People talk a lot about breastfeeding. How important or unimportant it is, how hard or easy they find it. There’s a lot of breastfeeding chat out there in the universe, but curiously – barely any about what happens after you stop breastfeeding.

Read on to discover some of the things that might happen when you stop breastfeeding and how to deal with them…


If you stop breastfeeding cold turkey (which we strongly advise against), your body won’t be able to catch up with your plans and it will keep producing milk – leading to swollen, painful breasts and even (the dreaded) mastitis. The best way to stop breastfeeding is to do it gradually – dropping one feed at a time. We recommend leaving the morning and evening feed (or pump) as the last ones you drop. Every 2-3 days, slowly drop one feed from the schedule (either replacing it with formula or if the little one is old enough and getting their nutrition from 90% whole foods – nothing). If you are still feeling too ‘full’ you can pump for up to one minute, to ease it off. This way your body still gets the message that the supply isn’t needed, but you don’t feel like you’ll explode. Slowly but surely, your body will start to produce less and less milk. Expect a little swelling and pain as this happens, but if it’s a lot – slow down a little and take your time.

Note: Mastitis needs medical attention. If you have hot breasts, terrible pain, chills and fatigue, consult with a doctor ASAP.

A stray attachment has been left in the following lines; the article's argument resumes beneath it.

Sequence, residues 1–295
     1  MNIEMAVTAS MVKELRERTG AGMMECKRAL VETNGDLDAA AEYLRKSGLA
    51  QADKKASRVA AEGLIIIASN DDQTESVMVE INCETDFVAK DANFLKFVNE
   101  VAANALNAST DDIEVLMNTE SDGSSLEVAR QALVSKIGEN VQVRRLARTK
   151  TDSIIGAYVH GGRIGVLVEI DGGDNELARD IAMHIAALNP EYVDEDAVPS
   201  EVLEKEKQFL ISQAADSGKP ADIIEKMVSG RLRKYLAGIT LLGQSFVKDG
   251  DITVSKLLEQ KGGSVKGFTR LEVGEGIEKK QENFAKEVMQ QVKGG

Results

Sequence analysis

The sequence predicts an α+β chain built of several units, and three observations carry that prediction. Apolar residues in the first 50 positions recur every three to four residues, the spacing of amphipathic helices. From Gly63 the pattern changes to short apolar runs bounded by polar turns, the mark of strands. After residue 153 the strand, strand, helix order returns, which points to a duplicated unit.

Hello, pizza face. Blame your hormones. When you stop breastfeeding your hormone levels change. Your progesterone levels start to rise again, which can cause an excess oil situation (that can lead to clogged pores and spots) and there is also a drop in prolactin and oxytocin levels. Plus, if you haven’t had it already, your body will be preparing to restart your period. Sounds like a hormone nightmare doesn’t it? It kind of is… But just remember – this too shall pass.

Whilst your body is adjusting and getting everything back to its usual pre-birth, pre-nursing state, there are some things you can do to help the acne. Here’s what we recommend:

  1. Take a genius natural supplement called BioResponse DIM 150. 

DIM stands for Diindolylmethane and is naturally found in cruciferous vegetables like broccoli and cauliflower. It helps to balance estrogen metabolism and hormonal balance. We recommend this brand.

    2.  Get back to nature

  • Use natural, chemical and nasty-free products to wash, tone and moisturise your face. We love Green Chic for the best natural beauty products in the UAE, Net-a-Porter also has a great ‘Clean Beauty’ range.
  • Try to go makeup free as much as possible. And if you have to: Keep it light, and as chemical-free as possible. Your pores need to ‘breath’.